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Japan’S Setouchi Region Takes a Ride on the Artful Side

The air was still on this sunny afternoon on the island of Teshima in the Setouchi region of Japan. A 20-minute walk led us into the depths of a forest. Here, artist Christian Boltanski installed 400 wind chimes in a work entitled La Forêt des Murmures. Like trees, the heights of the wind chimes vary. Each has a transparent strip where the name of a loved one could be registered and inscribed.

With every step we took, leaves rustled beneath us. An occasional breeze caused the bells to chime softly. The sound was soothing and one that stays with you. I could imagine the whirring on a windy day.

“This artwork is an endless work. It is my hope that the entire forest will eventually echo with the sound of wind chimes,” Boltanski notes. “Maybe it will become a place of pilgrimage, where people still come to pray after my name is forgotten.”

The Setouchi Region is comprised of seven prefectures covering 350 islands flanking the Seto Inland Sea. These islands have experienced a dramatic decline in production and population due to modern generations not participating in the local trades of fishing and farming. On the island of Teshima in Kagawa Prefecture, the population has dwindled to only 800 people.

Site-specific works of art, as well as another ongoing project by Boltanski entitled Les Archives du Coeur (Archives of the Heartbeat), draw visitors to Teshima. Since 2008 Boltanski has been recording the heartbeats of people from around the world. As with fingerprints, every person’s heartbeat is unique. At the museum visitors can record their heartbeat and are given a registration number and a CD-booklet as a memento.

Visitors can also search the database by name and listen to any pulse recorded. The finale of the exhibit occurs when you enter a room with a single flickering light, mirrors and a powerful thumping sound of recorded heartbeats—one after another.

Another draw to the island is artist Rei Naito and architect Ryue Nishizawa’s Teshima Art Museum. The stark white structure resembles a water droplet. Nestled in a forest, the only sounds you hear are birds chirping. It is the definition of serenity.

You enter barefoot or in socks and watch for droplets that trickle out from the ground and travel throughout the space. The experience mimics gazing through the window on a rainy day and watching droplets travel—but on a much larger scale.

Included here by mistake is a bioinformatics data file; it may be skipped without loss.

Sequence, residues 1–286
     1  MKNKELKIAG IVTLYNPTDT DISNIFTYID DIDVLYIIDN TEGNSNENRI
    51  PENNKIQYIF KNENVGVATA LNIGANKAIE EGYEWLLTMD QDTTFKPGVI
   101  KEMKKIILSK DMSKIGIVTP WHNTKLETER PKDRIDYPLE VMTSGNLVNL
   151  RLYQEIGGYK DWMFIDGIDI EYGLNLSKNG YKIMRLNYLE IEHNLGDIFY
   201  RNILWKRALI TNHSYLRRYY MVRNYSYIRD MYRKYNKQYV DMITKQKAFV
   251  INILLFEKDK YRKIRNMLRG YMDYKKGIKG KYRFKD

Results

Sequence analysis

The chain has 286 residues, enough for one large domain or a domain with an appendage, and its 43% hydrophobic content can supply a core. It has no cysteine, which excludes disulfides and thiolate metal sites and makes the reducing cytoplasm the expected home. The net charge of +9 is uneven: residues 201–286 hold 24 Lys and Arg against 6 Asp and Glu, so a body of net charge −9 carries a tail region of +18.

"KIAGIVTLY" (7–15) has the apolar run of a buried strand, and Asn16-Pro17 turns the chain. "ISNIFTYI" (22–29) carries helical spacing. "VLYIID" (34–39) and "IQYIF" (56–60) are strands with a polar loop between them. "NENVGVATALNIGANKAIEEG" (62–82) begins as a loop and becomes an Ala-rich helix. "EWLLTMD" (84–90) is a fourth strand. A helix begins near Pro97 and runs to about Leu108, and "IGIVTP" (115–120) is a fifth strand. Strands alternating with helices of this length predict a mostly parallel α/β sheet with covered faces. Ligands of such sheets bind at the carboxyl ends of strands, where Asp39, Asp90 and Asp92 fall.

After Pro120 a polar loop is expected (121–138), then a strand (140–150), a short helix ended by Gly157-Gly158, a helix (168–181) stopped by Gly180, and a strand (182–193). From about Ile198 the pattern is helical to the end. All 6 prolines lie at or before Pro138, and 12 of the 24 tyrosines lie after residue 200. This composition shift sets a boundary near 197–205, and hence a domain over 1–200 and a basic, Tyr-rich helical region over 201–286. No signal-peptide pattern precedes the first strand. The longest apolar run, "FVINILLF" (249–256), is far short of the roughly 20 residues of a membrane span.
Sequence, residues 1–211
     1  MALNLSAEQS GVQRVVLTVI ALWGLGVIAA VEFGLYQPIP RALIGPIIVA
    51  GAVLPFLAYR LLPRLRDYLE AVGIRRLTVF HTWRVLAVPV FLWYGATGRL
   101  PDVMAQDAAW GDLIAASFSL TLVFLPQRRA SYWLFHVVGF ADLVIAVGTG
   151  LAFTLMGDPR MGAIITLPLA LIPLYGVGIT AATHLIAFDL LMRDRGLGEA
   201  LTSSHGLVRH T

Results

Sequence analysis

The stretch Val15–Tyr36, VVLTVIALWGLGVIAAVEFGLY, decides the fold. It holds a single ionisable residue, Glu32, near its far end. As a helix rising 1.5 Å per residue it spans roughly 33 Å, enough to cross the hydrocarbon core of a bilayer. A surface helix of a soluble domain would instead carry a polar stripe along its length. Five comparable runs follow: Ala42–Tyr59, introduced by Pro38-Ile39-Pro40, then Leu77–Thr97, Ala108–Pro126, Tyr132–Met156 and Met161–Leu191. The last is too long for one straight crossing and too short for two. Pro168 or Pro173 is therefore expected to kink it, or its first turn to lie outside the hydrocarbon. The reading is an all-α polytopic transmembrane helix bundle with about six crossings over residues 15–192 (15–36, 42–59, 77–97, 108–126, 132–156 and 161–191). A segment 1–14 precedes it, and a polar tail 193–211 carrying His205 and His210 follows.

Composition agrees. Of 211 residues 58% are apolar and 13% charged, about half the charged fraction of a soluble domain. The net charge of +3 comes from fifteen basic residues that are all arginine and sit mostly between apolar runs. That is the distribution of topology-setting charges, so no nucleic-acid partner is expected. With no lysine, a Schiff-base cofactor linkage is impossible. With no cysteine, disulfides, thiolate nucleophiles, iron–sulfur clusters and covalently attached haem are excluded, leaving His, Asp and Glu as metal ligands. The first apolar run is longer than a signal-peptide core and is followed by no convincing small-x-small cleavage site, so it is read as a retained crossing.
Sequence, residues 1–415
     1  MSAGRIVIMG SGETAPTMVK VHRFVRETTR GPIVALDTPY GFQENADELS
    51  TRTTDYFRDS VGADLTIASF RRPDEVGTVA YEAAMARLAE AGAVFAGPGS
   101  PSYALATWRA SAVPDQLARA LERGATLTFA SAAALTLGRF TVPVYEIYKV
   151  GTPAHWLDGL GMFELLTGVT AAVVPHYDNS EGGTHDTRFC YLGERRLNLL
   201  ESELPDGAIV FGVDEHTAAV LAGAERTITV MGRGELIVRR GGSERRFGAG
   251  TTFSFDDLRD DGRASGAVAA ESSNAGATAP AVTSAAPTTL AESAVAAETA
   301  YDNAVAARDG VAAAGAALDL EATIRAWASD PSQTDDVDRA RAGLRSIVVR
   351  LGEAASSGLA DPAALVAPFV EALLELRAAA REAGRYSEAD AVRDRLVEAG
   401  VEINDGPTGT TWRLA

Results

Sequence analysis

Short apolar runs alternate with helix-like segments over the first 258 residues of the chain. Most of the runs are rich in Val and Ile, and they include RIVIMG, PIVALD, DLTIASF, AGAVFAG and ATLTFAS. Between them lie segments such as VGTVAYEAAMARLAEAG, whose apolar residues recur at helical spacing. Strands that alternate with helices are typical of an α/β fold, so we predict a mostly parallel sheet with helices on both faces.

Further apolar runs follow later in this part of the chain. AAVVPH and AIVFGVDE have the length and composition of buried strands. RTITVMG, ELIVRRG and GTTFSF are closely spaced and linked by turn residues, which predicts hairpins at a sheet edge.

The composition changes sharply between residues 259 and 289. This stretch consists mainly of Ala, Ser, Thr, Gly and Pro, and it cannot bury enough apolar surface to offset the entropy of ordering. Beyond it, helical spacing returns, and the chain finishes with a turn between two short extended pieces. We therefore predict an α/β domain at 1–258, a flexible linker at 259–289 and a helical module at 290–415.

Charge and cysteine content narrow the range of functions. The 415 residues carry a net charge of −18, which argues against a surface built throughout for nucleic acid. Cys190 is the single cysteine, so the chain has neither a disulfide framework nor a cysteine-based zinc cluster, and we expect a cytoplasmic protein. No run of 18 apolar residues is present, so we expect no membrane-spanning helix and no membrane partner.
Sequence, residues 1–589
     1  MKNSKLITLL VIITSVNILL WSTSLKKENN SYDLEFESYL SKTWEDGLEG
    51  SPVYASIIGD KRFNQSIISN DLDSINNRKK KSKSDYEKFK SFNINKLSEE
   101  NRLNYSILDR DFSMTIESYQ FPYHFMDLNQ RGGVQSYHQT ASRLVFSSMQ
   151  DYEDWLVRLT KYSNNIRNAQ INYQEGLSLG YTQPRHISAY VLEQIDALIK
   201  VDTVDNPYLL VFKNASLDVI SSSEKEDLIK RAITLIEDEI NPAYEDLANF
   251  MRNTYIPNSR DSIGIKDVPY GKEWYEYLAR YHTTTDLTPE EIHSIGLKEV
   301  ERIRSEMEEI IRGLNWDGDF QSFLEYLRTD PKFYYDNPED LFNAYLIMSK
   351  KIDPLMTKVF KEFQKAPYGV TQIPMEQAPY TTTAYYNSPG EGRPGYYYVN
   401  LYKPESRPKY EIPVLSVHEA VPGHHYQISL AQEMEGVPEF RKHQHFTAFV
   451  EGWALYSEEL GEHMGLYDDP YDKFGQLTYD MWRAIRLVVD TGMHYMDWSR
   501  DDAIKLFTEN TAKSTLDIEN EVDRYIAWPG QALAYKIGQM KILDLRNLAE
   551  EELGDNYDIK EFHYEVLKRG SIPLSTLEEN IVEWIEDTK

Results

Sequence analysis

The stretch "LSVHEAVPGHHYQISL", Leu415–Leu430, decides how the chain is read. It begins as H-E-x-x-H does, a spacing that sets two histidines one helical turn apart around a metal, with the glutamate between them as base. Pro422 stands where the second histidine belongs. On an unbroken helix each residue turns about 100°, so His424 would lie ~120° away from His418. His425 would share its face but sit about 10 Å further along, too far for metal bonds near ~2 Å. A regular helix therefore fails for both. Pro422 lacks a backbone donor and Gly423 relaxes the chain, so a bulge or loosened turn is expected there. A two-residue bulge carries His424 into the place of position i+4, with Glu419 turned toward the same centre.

There are many more museums and one-off installations that beckon exploration of the various islands. In Naoshima’s Honmura district is the not-to-be-missed Chichu Art Museum. Built underground to not disrupt the natural landscape, the museum features five Water Lilies paintings by Claude Monet in a commanding, all-white marble room where you’re given slippers to wear and viewing is limited to a handful of people at a time.

There are also three works by artist James Turrell including an immersive light installation that allows visitors to step into an opening that emanates purple light. It appears—impossibly and paradoxically—to have endless depth and yet be one-dimensional.

While on the island of Naoshima one must also experience the Art House Project. Naoshima’s population has declined over time, leaving homes in the region abandoned. In this project, seven vacant homes were given new life by artists who created a work of art in the spaces.

Among the artists to curate one of the abandoned homes is Turrell, who installed an experiential piece, Backside of the Moon. A local who has found his life’s calling through art, Turrell guides the enigmatic exhibition of sight, which is a personal favorite and should be experienced without prior explanation.

The power of art isn’t only its ability to move people—but also how it brings people together. In addition to these permanent works, the Benesse Group—Japan’s largest education company—introduced The Setouchi Triennale in 2010. The festival, themed “Restoration of the Sea,” aimed to bring happiness to the elderly islanders, fishermen and farmers and revitalize the islands’ economies.

In 2016 the islands welcomed more than 1 million visitors to the art festival. The effects of the festival can be seen in the regeneration of the communities. Through the triennial, the resident numbers have increased. As a result, an elementary school reopened on Ogijima Island.

This year the triennial contemporary art festival will be held in the spring, summer and fall (April 26 to May 26; July 19 to August 25; and September 28 to November 4). To date, there are 184 visual and performance artists from more than 30 countries participating. Some works of art will be selected to become permanent fixtures (La Forêt des Murmures was unveiled during the 2016 Setouchi Triennale).

Before visiting the Setouchi region of Japan, there had not been an art installation that moved me, nor had I witnessed the power it has to bring people together. Now, like Christian Boltanski hoped, I would make the journey to Japan to experience more site-specific works and couldn’t recommend it more.

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